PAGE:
The FIFA Council has rubber-stamped plans to expand the World Cup to 48 teams from 2026 onwards - but a body representing some of Europe's leading clubs has come out against the expansion.
FIFA president Gianni Infantino's revamp plan received unanimous backing.
Delegates in Zurich were asked to vote on four proposals to change the existing format or stick with the current format of 32 teams.
This is the first time since the 1998 World Cup that changes have been made to the make-up of the tournament.
Infantino's preferred option for change was for a 2026 competition featuring 16 groups of three, with the top two teams in each group advancing to a a 32-team knock-out stage,
The new format will increase the total number of games from 64 to 80 but remain inside a 32-day schedule.
However, the European Club Association has criticised FIFA's plan.
The body representing the interests of clubs such as Manchester United, Chelsea, Bayern Munich, Barcelona and Real Madrid, has blasted the move, claiming it is motivated by political rather than sporting intentions.
A statement from the body, which represents 220 teams across the continent, said: "The European Club Association (ECA) reiterates that it is in principle not in favour of an expanded World Cup.
"We fail to see the merits to changing the current format of 32 that has proven to be the perfect formula from all perspectives. Questionable is also the urgency in reaching such an important decision, with nine years to go until it becomes applicable, without the proper involvement of stakeholders who will be impacted by this change.
"We understand that this decision has been taken based on political reasons rather than sporting ones and under considerable political pressure, something ECA believes is regrettable.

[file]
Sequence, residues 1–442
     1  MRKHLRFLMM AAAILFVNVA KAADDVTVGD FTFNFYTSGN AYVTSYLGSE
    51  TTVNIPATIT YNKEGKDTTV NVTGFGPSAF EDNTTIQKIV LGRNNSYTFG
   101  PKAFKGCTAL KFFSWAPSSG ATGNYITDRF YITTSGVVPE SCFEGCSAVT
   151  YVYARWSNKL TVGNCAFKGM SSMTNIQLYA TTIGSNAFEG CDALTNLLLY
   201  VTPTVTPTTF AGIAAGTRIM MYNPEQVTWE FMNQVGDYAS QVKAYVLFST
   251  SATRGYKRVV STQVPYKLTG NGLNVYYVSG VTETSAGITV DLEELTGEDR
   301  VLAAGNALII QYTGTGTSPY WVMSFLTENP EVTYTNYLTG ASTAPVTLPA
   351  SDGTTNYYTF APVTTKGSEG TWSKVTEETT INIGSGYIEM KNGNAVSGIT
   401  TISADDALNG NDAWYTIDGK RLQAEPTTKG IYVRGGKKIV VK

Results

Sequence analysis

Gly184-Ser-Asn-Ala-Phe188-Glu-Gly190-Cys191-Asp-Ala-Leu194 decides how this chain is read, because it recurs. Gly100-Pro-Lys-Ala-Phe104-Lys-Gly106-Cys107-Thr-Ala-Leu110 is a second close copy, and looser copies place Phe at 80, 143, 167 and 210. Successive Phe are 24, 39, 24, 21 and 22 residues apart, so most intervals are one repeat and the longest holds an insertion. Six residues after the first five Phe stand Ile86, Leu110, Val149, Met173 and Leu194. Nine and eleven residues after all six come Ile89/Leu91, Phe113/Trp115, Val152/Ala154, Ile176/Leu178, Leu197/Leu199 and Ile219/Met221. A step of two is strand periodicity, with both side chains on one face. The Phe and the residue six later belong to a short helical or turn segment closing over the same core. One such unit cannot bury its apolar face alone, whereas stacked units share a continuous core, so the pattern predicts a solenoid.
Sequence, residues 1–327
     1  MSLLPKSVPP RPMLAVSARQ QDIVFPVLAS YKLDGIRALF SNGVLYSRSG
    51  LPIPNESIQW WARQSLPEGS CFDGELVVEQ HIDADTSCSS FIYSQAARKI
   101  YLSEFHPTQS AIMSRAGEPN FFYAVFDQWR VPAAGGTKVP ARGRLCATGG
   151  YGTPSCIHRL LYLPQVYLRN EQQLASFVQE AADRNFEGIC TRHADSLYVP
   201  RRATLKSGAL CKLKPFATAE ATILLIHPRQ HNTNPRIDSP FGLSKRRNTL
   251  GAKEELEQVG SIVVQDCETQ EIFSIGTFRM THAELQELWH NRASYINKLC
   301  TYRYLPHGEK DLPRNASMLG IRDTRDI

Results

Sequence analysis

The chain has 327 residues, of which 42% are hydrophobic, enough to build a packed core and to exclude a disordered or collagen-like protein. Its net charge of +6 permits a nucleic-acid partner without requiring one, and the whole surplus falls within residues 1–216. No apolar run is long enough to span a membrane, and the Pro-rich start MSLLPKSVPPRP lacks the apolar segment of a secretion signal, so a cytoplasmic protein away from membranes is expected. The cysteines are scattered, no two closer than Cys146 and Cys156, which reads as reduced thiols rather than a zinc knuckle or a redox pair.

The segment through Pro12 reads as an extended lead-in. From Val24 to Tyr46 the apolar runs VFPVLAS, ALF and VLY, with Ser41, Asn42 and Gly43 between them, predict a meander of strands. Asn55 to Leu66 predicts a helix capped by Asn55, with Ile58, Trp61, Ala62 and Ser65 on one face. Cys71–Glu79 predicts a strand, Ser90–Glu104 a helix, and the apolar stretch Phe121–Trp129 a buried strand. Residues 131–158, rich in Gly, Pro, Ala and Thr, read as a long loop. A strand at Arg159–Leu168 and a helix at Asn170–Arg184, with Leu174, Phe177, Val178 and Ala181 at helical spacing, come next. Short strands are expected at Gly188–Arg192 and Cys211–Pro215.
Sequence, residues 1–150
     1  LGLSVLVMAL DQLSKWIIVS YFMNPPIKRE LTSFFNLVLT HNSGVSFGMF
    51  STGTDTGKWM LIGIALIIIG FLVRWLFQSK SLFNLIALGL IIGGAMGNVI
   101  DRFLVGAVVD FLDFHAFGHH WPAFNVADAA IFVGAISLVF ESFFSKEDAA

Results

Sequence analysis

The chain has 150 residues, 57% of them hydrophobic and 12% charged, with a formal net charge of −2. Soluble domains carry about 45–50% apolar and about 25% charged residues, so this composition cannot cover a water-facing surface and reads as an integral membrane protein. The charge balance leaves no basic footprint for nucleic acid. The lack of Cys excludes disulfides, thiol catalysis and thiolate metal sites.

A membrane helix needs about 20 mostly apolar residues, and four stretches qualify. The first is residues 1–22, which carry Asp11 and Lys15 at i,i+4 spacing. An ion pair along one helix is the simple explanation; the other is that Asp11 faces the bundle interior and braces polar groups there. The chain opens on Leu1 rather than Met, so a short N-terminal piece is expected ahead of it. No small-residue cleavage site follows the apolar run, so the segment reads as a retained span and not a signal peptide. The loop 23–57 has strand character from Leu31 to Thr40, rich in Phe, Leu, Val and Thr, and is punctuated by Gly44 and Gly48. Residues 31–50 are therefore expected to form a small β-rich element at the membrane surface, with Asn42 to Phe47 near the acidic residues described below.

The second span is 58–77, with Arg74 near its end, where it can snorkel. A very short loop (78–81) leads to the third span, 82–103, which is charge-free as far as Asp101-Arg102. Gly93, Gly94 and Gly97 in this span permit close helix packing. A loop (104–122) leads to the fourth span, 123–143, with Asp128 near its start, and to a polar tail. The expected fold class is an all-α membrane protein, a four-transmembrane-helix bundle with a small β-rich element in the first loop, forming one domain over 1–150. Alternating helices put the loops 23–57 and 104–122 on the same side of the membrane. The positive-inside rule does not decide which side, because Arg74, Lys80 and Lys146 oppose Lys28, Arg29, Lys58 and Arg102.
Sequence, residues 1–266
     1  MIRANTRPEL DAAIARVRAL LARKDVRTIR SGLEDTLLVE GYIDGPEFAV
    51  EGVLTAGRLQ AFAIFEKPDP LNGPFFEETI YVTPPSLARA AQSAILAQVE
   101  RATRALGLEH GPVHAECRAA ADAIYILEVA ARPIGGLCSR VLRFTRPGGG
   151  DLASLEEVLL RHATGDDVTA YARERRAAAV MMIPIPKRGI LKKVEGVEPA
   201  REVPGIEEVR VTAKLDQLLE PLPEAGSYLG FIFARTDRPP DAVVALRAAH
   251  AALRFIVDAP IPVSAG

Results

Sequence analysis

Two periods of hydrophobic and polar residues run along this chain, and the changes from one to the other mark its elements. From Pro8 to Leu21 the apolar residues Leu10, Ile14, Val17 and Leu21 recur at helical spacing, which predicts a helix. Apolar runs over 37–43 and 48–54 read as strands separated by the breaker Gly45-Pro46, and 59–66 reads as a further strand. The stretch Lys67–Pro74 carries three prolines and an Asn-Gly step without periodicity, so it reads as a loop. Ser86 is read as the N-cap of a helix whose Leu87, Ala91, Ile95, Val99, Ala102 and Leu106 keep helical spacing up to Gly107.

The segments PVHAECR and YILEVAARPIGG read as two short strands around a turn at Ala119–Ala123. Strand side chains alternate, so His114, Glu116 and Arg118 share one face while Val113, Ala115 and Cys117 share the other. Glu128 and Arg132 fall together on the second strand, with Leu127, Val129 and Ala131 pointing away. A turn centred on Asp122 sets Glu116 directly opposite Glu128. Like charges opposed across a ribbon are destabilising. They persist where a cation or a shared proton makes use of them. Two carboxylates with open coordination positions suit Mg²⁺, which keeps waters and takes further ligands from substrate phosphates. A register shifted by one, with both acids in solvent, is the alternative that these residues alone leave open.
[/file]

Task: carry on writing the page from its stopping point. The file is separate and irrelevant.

"ECA will analyse in detail the impact and the consequences of the new format and will address the matter at the next meeting of its Executive Board scheduled for the end of January."
There were also options from FIFA to have a 40-team tournament, with 10 groups of four or eight groups of five, but the only other 48-team make-up would see a 32-team one-game knockout round with the winners joining 16 already-qualified teams.
Infantino has also suggested that penalty shoot-outs be brought in to settle the results of all drawn games, thereby minimising the risk of teams colluding in their final group games to eliminate others from the tournament.
The Swiss has repeatedly said his main motivation for expansion is to give more nations a chance of experiencing the joy of a World Cup, which will bolster international football in developed markets and help its growth in new ones.
More details will be announced at the conclusion of Tuesday's meeting - although the allocation of the extra 16 qualification slots under the new format was not expected to be resolved at this point.
The African and Asian nations are expecting significant increases on their current allocation of four spots apiece.
The other major decision regarding 2026 - who will host the event - is not scheduled for consideration until 2020 with a bid featuring the United States, either on its own or in conjunction with one or both of Canada and Mexico, the overwhelming favourite.